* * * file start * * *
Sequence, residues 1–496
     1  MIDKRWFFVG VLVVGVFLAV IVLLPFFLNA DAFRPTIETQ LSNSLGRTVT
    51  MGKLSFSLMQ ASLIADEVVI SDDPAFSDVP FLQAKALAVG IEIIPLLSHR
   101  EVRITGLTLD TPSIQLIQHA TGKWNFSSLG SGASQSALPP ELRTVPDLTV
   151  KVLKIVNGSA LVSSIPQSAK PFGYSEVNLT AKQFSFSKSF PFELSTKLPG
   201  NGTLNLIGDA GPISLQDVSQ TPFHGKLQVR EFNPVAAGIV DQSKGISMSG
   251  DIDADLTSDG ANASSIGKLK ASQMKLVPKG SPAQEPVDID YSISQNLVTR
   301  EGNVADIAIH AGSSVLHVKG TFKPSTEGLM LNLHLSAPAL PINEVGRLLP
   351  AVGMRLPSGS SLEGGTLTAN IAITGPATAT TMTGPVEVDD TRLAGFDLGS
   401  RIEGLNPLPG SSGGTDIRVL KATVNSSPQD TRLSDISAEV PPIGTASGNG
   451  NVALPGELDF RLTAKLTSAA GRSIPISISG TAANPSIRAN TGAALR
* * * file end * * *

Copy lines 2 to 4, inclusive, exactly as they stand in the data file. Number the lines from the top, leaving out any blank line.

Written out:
     1  MIDKRWFFVG VLVVGVFLAV IVLLPFFLNA DAFRPTIETQ LSNSLGRTVT
    51  MGKLSFSLMQ ASLIADEVVI SDDPAFSDVP FLQAKALAVG IEIIPLLSHR
   101  EVRITGLTLD TPSIQLIQHA TGKWNFSSLG SGASQSALPP ELRTVPDLTV